Mother shall I build a wall? (with apologies to Pink Floyd)
In the summer of 1985, I was invited, along with other Further Education College chaplains, to go to Berlin and investigate their comprehensive and very effective chaplaincy set up. I was billeted, with a violinist from the Berlin Philarmonie, in a grand old second floor apartment of a large ‘Victorian’ (or whatever the German equivalent is!) town house, replete with creaky wire mesh encased lift and flamboyant plaster mouldings on the ceilings. It was in the days before the Berlin Wall came down, and our initial forays were to see the Ka De We (a department store, so dripping with opulence and all the goods the western world could offer that it faintly stirred one’s conscience, and called in full the ‘kaufhaus des Westens’) and thereafter some of the better known ‘sites’ of the Second World War, including a pig slaughterhouse in which thousands of dissident Poles were massacred in one night; the Jewish synagogue which was at the centre of ‘Krystalnacht’, the destructive attack which heralded the beginning of the persecution of the Jews and the Spandau Castle in which the sad figure of Rudolf Hess was imprisoned until his death.
After three days of experiencing the extravagant riches of the West, we travelled by U-Bahn (underground railway) into East Berlin to meet with some young Lutheran Christians. We were conscious straight away of the difference that the Berlin Wall symbolised: here, in the East, the buildings were un-reconstructed from the war period and shell holes still pocked the walls. There were few goods, if any, in the shops and miserly cuts of meat hung desolately in the butchers’ windows. We stopped for a cappuccino coffee, Communist style, in the main square to find that it tasted suspiciously of acorns. We were met by the young Christians, all dressed in very modern western gear, who quietly ordered us to split into three separate groups and rendezvous in the basement of a youth club. We were, you see, being followed and the young people were regarded as dissidents and malcontents: revolutionaries wishing to bring down Communism. To meet with us was dangerous, and we had to lose the ‘tails’ the authorities had put on to us. Eventually, we re-assembled feeling like John le Carre agents, and learnt of the group’s desire to bring about a just, equal and free State, and their vehicle to achieve this was the Christian Church, for so long proscribed and hidden, but now beginning, once more, to flex its muscles which had grown weak, but had not stopped exercising its psychological grip over the German people living under Communism (so steeped in the traditions of the Church were they that the Communist regime had to invent a ceremony of initiation into the Communist party at age 11 to mimic Confirmation). After hearing their story, we were rushed through the darkened and deserted streets of the city, with the eerie sound of distant sirens and the clanking of a Stasi style cavalcade of black limousines taking an unknown Politburo official to who knows where, and took the final pre-Second World War tram and subsequent U-Bahn to the unbelievably bright lights of the West. We heard stories of whole families who had been separated by the building of the Wall and of how the Communist regime had bled the East of the city dry, taking such riches as it had to Russia. Yet still, the only real light in those dismal, oppressive streets, was the light of Faith in the youngsters eyes.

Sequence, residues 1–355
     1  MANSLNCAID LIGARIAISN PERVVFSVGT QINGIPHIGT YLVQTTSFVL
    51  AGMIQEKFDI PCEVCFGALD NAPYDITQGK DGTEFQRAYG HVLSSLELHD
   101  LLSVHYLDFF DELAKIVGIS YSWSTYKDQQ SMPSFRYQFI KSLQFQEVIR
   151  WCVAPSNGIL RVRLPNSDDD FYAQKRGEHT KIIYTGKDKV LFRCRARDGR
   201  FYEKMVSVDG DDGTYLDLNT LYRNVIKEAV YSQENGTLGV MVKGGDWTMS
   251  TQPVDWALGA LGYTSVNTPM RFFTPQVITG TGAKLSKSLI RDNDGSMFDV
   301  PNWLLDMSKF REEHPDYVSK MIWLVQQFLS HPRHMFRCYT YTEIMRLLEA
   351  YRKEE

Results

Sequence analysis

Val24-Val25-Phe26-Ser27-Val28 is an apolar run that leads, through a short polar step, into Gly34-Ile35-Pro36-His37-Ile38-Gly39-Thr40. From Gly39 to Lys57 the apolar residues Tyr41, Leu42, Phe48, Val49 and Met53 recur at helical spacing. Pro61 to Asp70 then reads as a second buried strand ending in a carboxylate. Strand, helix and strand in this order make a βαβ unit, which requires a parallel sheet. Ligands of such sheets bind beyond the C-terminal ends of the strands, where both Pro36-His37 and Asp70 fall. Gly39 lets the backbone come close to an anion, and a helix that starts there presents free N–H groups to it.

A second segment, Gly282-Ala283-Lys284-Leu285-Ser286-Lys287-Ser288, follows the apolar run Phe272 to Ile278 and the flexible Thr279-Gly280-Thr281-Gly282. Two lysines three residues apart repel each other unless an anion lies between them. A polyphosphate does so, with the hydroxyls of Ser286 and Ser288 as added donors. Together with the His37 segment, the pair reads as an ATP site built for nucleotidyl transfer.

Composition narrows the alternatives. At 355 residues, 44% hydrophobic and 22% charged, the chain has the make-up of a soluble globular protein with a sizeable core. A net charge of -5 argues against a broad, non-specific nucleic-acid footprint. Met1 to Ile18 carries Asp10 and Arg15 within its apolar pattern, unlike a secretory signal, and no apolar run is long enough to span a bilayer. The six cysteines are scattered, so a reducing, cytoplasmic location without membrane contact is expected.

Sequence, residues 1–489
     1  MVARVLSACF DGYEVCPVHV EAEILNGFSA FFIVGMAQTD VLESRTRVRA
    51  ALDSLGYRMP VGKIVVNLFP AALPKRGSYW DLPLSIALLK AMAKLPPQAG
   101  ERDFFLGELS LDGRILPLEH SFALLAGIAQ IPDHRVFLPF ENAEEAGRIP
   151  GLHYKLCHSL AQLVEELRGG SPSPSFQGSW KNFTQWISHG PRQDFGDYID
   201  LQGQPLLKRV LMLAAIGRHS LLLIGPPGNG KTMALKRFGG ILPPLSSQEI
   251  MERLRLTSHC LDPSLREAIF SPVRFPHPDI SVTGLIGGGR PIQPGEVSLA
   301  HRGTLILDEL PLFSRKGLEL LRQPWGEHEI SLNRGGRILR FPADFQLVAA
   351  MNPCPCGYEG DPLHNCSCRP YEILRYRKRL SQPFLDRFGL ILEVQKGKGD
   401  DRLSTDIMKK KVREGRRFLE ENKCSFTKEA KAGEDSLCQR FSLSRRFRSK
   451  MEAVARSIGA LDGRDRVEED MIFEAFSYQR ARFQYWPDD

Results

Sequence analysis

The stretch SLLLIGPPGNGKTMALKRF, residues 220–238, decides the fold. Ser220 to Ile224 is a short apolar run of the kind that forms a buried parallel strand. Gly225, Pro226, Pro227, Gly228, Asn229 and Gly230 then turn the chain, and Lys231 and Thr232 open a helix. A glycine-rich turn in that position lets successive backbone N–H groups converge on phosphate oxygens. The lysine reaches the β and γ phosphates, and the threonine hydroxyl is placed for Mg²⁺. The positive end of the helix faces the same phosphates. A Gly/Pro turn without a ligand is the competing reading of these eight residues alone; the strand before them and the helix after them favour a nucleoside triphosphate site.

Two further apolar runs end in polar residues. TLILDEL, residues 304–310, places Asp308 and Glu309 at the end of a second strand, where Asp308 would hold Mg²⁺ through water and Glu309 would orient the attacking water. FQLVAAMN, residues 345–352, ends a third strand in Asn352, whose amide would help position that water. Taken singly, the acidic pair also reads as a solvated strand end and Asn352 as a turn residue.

Some years later, a German friend ‘phoned me excitedly at the end of the night of 9th November 1990 to tell me that the Wall was being demolished and that Germany was, at last, re-united. I entered into his excitement, although it meant little practically to me, as I contemplated that the World was probably just a little better as brick was parted from brick and stone from stone.
Life is full of walls: some we build around ourselves to protect ourselves from emotional hurt and harm, or to encircle some fondly held belief or position (religious people are very good at building walls, but we call them ‘principles’). We also build real walls: walls which protect the rich from the poor and actually create a fearful living hell for both. But perhaps the most obscene wall of all is the one built along the West Bank in Israel, separating Israeli from Palestinian: a modern-day attempt to solve our problems by cutting ourselves off from those with whom we disagree. This wall too will fall one day and, until it does, the World will remain a blighted place. There is hope! That warrior in art: Banksy, has shown us what may be. Along the length of the wall he has depicted idyllic English rural scenes, or pictures of cosy domesticity: as if we look through the unyielding starkness of the wall to the way the world could be.